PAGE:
Fog and Impeachment

Fog and Impeachment

The day is dark from thick layers of clouds and fog, and as my eight year old runs around outside joyfully he proclaims, “see how beautiful it is today, mom, with all this fog.” The day is dark because the senate acquitted the president on what should have been two no-brainer charges, some of the easiest things that congress could have chosen to impeach him on. I’m glad they took the step to impeach, and yet I can’t help but feel some ambivalence about the fact that it wasn’t the human rights abuses at the border, the children in cages, the asylum seekers deported to face murder, rape, and torture instead of being allowed in for safety. And then, empowered by his impending acquittal at the hands of a party who’ve decided that closing ranks almost unanimously behind someone lacking in any morals, he gives the medal of freedom to one of the most racist and bigoted voices in our country.

And it’s hard for me to see the beauty in that sort of dark day, the fog surrounding my house in a layer of wintery mystery feels very different than the fog surrounding the outcome of his behavior in light of this inevitable acquittal.

I know many of you feel the same.

The thing about fog when you need to get somewhere is there’s nothing to do but take it slow and move forward. You can’t rush in with your high beams on because you’ll decrease the visibility and increase the danger to yourself and those with you. All you can do is make sure you’ve got everyone with you and proceed slowly with determination through the fog. Each step we take the fog clears around us and we can see a little more in front of us.

History is always easier to read sections of when the sections are complete. The war ended, the sickness ceased, people moved on and lived their lives and accomplished things.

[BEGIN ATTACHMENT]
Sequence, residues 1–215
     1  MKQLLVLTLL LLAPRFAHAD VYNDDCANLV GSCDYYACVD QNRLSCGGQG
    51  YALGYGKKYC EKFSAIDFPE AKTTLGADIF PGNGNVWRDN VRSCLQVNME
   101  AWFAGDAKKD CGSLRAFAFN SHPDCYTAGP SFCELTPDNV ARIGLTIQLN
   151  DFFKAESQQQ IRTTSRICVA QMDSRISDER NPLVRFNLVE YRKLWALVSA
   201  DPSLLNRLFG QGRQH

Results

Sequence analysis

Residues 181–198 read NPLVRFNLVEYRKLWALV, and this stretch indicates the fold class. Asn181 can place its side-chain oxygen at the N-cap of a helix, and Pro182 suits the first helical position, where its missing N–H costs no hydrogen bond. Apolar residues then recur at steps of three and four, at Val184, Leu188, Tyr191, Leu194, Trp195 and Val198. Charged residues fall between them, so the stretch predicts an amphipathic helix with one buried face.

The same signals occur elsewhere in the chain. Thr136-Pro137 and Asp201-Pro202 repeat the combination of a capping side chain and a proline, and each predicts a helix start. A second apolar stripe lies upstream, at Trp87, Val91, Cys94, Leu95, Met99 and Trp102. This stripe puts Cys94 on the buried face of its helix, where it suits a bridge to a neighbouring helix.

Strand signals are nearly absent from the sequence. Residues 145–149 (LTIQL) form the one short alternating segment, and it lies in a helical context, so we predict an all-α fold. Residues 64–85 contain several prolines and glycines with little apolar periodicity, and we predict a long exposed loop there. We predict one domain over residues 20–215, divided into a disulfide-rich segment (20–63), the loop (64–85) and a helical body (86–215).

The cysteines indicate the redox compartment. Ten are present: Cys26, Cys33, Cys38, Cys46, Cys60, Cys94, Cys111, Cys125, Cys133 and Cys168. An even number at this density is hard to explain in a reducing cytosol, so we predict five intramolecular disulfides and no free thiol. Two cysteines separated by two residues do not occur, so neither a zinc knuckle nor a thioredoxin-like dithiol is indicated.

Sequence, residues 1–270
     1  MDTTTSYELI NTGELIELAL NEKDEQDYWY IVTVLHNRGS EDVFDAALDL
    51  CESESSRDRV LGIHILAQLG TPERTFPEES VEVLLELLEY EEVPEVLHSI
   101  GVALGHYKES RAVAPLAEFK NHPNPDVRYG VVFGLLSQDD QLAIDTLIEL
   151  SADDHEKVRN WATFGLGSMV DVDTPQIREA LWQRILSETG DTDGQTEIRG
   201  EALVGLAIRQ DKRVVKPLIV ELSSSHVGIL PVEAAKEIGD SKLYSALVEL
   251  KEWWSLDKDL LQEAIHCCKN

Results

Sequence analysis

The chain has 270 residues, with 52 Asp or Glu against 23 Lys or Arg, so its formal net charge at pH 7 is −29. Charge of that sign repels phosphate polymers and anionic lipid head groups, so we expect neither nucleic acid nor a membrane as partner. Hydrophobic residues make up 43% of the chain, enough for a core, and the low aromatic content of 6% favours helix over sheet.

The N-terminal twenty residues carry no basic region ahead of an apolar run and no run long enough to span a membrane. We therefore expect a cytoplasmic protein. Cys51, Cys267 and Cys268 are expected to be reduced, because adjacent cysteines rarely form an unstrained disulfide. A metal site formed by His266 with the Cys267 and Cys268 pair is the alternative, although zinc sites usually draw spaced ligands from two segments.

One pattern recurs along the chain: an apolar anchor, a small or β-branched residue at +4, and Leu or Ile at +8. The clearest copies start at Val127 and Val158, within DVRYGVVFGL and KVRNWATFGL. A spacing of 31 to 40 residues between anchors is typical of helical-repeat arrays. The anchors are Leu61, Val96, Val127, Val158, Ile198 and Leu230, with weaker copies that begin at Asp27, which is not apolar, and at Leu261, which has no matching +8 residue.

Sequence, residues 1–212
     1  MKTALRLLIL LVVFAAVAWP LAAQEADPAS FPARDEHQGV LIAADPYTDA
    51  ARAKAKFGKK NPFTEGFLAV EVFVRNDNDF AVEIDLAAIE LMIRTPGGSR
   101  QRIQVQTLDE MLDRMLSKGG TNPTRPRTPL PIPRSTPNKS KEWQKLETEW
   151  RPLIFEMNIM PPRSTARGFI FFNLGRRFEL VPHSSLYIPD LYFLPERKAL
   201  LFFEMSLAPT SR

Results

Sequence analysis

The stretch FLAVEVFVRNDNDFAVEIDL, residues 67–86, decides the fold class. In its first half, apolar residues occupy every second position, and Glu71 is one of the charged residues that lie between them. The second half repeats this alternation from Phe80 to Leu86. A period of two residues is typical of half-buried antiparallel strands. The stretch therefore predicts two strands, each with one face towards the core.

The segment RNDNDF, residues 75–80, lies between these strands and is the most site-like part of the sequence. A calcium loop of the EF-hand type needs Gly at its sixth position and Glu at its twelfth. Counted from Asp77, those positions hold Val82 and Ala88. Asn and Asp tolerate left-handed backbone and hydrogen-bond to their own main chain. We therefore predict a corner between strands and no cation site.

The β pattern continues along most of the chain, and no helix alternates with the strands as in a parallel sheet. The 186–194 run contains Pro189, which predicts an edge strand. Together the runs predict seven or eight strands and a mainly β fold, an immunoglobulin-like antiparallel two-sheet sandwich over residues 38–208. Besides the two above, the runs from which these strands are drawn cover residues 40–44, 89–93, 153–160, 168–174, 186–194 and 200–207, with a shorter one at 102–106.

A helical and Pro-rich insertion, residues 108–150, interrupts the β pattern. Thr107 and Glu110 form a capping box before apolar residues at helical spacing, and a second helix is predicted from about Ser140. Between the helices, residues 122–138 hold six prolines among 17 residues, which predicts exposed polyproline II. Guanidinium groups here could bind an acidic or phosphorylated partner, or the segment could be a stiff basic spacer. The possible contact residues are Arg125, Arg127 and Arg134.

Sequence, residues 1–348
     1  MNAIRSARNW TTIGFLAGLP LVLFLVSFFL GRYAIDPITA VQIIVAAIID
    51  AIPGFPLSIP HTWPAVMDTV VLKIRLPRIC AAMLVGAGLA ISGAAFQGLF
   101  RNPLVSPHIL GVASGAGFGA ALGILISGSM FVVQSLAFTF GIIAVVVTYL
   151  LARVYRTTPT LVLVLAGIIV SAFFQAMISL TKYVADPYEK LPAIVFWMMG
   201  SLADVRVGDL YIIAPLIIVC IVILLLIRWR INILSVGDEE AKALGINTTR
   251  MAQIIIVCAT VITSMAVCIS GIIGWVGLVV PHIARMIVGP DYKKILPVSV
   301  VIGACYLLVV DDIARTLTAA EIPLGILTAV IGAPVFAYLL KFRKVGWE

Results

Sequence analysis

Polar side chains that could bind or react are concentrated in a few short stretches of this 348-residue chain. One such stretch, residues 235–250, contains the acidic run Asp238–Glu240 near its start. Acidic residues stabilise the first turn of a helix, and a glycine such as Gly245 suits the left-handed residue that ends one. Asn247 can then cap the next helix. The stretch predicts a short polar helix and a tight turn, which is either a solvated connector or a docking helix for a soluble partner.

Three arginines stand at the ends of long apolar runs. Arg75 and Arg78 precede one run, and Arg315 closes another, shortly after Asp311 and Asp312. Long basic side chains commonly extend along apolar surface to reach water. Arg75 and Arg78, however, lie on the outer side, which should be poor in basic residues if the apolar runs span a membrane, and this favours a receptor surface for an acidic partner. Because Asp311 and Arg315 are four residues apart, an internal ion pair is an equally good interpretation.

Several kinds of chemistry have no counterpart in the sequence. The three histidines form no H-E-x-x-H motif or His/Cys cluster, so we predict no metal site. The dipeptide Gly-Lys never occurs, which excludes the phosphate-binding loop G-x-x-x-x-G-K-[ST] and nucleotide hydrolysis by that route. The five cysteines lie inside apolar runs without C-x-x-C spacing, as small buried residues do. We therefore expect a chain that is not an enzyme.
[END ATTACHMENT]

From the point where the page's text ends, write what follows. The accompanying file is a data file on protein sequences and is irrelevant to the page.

It’s harder to live through a difficult section of history not knowing how long it lasts and how it’s going to turnout.

And since we can’t know that, I would argue that the outcome doesn’t matter to our individual actions right now. All we can do is the next right thing (yes, I’m totally quoting Frozen 2, I have little kids and it was a killer song).

I do know that being sucked into the constant news cycle whether online or on television is draining. So turn that off. Anything major, you’ll hear about soon enough anyway. Get up, move your body, and find the next right thing.

I heard the news the vote was in and immediately got up, made a pot of coffee, and danced to La Bamba. Partly because I badly needed to move my body, and partly because the song choice would be an unwelcome one if the powers that be could see me doing it. Then I came in here to write this because I wanted to help give voice to the heaviness, to the uncertainty, to the disappointment, inevitable though it may have been, and to offer my hands, to pull us all together, to walk through the fog.
Now figure out what the next right thing looks like, get together for a rally, go register some voters, reach out to some friends so they know they are not alone, gather your people, check on them. And just take the next step.

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